Luxembourg referendum 2015

How Luxembourg voted on foreigner voting rights

(CS) While not a single commune on Sunday voted to support foreigner voting rights, or either of the other two referendum questions, there were nonetheless some differences in the levels of 'no' votes across the country.

Luxembourg City delivered the most positive result, with only 67.01 percent against foreigner voting rights. Reisdorf, in the east of Luxembourg on the border to Germany, by comparison saw 87.29 percent vote against granting non-nationals the right to vote in general elections, provided they have lived in the country for at least 10 years and previously voted in a local or European election while resident in the country.

In eight other communes the 'no' votes were at nearly 86 percent or over.

The capital was the only commune where under 70 percent voted 'no'. Overall, the question received a 78.02 percent 'no' vote.

Lowering voting age to 16 found even less favour, with an overall 'no' vote of 80.87 percent.

Here, too, Reisdorf delivered the most 'no' votes at 87.1 percent, with seven other communes having a no vote of around 86 percent or over. In this question the most positive result came from Fischbach, where comparatively low 71.64 percent voted against opening up the vote to teenagers from 16 years of age.

The question on limiting ministerial mandates to 10 years was assessed more positively on the whole, with a final 'no' vote of 69.93 percent. There was significant divergence on this question as well, with the most negative outcome (81.71 percent) coming from Wahl in the country's west.

Kopstal was the most positive on this question, with a 'no' vote of just 62.88 percent.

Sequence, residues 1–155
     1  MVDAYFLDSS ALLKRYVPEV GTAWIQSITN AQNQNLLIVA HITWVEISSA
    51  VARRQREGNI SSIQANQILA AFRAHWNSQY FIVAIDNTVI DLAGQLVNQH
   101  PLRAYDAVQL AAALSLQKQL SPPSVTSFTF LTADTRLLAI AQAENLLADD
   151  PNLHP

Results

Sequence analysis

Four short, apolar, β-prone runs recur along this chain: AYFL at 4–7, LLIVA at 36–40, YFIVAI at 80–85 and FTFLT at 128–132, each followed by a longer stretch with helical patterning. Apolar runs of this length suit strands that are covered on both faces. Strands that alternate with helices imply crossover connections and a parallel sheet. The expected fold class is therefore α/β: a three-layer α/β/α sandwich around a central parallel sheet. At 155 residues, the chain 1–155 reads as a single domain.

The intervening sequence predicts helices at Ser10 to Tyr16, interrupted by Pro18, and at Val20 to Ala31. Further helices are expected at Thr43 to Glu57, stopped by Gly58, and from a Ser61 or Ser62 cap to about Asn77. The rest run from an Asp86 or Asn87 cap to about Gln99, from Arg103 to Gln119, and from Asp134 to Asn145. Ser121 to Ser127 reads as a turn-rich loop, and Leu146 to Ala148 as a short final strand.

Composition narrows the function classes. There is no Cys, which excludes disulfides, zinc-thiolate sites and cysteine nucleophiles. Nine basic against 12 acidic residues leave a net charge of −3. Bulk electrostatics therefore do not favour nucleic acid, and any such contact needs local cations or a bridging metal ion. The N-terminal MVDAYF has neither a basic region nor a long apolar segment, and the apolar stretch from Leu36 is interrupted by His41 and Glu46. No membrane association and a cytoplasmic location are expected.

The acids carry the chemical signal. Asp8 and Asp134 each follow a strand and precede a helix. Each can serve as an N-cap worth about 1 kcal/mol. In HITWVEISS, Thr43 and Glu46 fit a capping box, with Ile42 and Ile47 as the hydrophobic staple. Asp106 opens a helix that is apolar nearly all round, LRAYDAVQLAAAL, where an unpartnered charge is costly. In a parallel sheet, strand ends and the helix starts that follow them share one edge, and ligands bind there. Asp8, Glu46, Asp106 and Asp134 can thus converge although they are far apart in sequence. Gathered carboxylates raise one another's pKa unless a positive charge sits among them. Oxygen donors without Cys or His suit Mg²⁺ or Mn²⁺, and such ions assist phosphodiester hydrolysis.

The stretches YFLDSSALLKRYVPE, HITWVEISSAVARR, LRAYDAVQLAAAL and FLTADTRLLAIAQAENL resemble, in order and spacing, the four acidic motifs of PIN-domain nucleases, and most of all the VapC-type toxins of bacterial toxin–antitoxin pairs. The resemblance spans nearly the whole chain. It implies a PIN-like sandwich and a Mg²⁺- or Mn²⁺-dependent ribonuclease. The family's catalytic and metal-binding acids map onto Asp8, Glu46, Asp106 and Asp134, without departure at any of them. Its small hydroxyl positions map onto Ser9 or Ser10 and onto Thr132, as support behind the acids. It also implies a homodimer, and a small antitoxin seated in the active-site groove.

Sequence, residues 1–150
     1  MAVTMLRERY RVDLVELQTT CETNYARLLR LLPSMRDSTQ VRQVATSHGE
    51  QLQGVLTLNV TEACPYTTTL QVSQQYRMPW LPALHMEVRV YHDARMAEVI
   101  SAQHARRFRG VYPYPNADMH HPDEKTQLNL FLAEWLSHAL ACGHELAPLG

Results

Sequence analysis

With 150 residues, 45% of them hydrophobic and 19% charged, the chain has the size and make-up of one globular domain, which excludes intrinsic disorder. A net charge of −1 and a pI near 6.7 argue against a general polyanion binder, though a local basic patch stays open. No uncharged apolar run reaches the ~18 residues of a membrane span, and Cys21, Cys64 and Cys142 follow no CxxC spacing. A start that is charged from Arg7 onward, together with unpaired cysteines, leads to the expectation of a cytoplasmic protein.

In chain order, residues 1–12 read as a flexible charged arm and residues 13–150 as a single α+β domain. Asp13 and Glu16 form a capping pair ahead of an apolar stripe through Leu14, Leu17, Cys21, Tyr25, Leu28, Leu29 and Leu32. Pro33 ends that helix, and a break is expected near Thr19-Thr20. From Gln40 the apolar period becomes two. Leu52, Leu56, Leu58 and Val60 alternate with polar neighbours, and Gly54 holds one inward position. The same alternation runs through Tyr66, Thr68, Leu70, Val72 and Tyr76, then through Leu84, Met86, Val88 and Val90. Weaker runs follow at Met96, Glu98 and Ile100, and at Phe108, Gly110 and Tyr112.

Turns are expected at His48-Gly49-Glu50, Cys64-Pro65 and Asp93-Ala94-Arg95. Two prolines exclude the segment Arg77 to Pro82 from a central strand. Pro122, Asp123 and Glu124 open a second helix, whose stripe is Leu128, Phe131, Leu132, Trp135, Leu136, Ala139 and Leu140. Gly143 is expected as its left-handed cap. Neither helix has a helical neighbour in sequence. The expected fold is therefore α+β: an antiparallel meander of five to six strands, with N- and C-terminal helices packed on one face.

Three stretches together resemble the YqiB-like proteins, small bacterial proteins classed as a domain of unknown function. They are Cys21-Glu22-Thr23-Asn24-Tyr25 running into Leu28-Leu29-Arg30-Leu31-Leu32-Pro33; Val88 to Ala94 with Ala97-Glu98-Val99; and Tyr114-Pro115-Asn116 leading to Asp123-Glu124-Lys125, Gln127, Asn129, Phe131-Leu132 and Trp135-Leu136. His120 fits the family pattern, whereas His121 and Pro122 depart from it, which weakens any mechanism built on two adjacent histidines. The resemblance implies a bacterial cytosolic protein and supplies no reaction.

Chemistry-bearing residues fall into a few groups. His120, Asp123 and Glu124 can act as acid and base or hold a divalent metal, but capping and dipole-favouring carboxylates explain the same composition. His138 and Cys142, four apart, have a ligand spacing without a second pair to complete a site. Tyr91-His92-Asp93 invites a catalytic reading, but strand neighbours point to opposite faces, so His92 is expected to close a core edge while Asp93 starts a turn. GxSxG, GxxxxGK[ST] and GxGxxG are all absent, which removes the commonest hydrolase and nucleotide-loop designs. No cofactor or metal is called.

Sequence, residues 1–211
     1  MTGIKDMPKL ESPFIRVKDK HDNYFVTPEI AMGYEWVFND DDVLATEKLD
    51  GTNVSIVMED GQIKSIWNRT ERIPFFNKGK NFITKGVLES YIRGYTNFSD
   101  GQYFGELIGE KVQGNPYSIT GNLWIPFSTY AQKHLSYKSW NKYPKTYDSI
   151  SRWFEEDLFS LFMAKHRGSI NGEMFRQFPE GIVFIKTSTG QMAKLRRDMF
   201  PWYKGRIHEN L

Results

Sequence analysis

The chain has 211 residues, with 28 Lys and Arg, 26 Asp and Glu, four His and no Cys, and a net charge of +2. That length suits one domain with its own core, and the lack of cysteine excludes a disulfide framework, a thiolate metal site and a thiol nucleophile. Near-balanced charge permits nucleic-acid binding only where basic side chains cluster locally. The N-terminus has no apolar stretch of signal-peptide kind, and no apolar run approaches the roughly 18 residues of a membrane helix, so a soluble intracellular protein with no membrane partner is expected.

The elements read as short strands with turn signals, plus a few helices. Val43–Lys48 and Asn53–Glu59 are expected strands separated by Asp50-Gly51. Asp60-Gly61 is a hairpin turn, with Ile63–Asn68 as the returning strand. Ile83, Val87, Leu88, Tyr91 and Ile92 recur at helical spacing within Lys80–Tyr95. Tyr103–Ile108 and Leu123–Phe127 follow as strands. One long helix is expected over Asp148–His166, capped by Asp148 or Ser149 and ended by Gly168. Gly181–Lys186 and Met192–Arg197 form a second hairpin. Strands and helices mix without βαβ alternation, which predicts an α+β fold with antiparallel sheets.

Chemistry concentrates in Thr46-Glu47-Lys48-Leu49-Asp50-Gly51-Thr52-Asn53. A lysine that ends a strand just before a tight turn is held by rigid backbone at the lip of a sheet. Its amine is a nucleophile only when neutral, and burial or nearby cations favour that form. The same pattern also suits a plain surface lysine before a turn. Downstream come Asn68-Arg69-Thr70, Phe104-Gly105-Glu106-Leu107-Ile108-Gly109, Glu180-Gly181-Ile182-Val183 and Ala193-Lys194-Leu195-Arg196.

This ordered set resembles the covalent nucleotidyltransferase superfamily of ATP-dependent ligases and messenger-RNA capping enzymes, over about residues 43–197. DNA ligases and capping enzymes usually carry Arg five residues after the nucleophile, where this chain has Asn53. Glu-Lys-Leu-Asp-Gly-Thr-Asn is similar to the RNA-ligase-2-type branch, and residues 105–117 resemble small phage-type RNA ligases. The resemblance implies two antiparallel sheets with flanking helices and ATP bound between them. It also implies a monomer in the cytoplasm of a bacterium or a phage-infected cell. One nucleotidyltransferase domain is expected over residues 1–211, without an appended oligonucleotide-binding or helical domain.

The Luxembourg government and the coalition parties DP, LSAP and déi Gréng have said that they would respect the outcome of the referendum and that these three elements would be not be further considered as part of a wider reform of the Luxembourg constitution.

However, the government on Sunday also refuted calls for the resignation of the Prime Minister. With just around 20 to 30 percent support for the government, which had campaigned for 'yes' on all three questions, opposition politicians argued that the country's coalition had lost its legitimacy.

Leader of the CSV faction in parliament Claude Wiseler commented on RTL: “We said that we would not demand a resignation. But if I was Premier I would know what I would have to do tomorrow morning at 8am.”

Gast Gibéryen of the ADR also said that Bettel should hand in his resignation on Monday, speaking of a defeat for the government. David Wagner of opposition party déi Lénk meanwhile said that the government should ask itself why people do not trust them anymore. “The foreigners will perceive this clear 'no' as rejection,” he warned.

The result of the referendum is set to be debated in parliament on Tuesday.